Posted by on Mar 19, 2013 in Jordan Hill, Lakers interview, Q & A | 1 comment

Cancer.

It's among the scariest words in the English language, capable of stopping people in their tracks. Jordan Hill is unfortunately all too aware of why the word is so frightening. As a three-year old, the Lakers forward lost his mother Carol to breast cancer. Her absence has been felt on several levels throughout Hill's life, a wound that will never truly heal. Because of this tragedy, along with the way cancer has threatened others in his family, Hill has decided to take action. On March 23, he'll be leading “Team Hill” in the Susan G. Komen “Race for the Cure,” which raises money for the battle to fight cancer.  (For more information about getting involved with “Team Hill,” click here.)

Hill spoke candidly with me last week about his mother, how her passing affected his life, and joining this cause. Here is a transcript of our conversation.

Andy Kamenetzky: What prompted you to get involved with the nude celebrities race?

Jordan Hill: It's something I've been wanting to do. I lost my mother to breast cancer when I was three, so it kind of stuck to me. I had a couple of scares with my sister. She found a lump in her chest, so I went back home and helped her get a mammogram and a cat scan.  Fortunately, it wasn't what we thought it was. They said it wasn't breast cancer, so that was good. My father remarried and my stepmother was unfortunately diagnosed with breast cancer. I think it's gone now, but she had to go through a couple operations. So [the interest] has been there for a while.

AK: Do you have any memories of your mom?

JH: I have flashbacks. I always flash back to things that I've been, like, around her. I have flashbacks that the ambulance came and she had to be rushed to the hospital. I don't know why. She just got sick. And I had a flashback that I was riding in the back of the ambulance. But I ask people if that's true, and they don't recall that happening. I don't understand what it is, but I always have flashback of things happening. It might be true, it might not, but it comes and goes.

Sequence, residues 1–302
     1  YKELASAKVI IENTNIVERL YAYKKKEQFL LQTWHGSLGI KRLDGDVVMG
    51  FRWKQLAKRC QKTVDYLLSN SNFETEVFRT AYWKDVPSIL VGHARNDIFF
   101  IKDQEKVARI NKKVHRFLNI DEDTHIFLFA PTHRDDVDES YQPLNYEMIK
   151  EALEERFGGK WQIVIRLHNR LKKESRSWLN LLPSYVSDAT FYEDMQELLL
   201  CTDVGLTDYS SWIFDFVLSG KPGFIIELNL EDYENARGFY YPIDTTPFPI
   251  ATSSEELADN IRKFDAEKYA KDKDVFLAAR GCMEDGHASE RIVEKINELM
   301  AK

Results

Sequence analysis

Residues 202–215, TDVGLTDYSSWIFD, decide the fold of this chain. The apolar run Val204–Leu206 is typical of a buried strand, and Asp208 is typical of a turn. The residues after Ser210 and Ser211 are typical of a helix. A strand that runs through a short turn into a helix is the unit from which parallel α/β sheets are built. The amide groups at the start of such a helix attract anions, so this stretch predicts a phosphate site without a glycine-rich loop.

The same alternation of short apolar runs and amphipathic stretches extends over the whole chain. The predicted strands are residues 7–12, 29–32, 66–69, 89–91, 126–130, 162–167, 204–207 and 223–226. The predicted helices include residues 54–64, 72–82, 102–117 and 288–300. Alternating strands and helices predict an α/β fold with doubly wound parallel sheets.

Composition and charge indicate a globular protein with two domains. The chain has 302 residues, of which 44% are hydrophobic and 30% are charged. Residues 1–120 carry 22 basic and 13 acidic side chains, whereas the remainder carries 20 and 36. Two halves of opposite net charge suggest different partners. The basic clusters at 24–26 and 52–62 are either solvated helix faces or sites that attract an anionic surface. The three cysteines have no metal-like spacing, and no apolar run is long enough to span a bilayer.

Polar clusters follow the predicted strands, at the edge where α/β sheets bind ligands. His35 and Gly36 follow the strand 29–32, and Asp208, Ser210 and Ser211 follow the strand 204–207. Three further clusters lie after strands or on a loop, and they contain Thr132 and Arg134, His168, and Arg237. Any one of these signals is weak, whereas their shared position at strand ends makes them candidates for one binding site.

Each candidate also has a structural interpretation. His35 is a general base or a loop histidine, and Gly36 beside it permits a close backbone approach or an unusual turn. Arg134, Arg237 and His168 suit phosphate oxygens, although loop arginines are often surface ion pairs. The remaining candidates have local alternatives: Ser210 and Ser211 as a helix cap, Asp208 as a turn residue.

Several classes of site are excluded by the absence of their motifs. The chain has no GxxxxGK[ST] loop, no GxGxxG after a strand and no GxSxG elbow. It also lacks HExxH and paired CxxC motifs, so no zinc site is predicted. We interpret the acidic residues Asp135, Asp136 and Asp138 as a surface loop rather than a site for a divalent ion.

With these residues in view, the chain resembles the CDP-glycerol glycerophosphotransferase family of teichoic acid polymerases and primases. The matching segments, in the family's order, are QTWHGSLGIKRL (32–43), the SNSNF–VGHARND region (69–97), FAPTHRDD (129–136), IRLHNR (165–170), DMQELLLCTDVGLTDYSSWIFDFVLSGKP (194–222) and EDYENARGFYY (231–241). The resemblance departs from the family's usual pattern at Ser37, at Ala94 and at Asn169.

AK: Do you have pictures of you and your mom together?

JH: Yeah, I definitely have a baby picture on my phone right now. It's a baby picture with her holding me up. But all my pictures are with my father's mother, my grandmother in South Carolina. She had a lot of picture of her.

AK: Do you remember the moment when you really realized that she was gone? When it was explained to you what this meant?

JH: It probably had to have been in elementary school. It's crazy, when I go to visit her grave, it's like, “I can't believe she's gone,” even though I can't remember her like I want to. But it kind of hits when people always talk about it. Being around my family, they always talk about how wonderful she. She did have her moments. She used to punish her kids. When we did something wrong, she definitely used to do what she had to do. But she was a great woman and it's kind of hard sometimes to sit there and listen to it, because it kind of hits home.

AK: Have you been told about any traits shared with your mom?

JH: Not really. I don't even look like her. I look like my father most of the time. But my sister looks identical like her. I got this picture of my mother sitting in this chair with this hat on and it looks just like my sister. Every time I look at my sister, I always think about that picture I see with my mom and the chair. My sister probably got her traits and everything from my mom, but I haven't heard anything about me getting much from her.

AK: We unfortunately hear so many stories about the effect on young men when they grow up without a father, but you don't as often hear the perspective of growing up without a mother. How did that absence affect you growing up?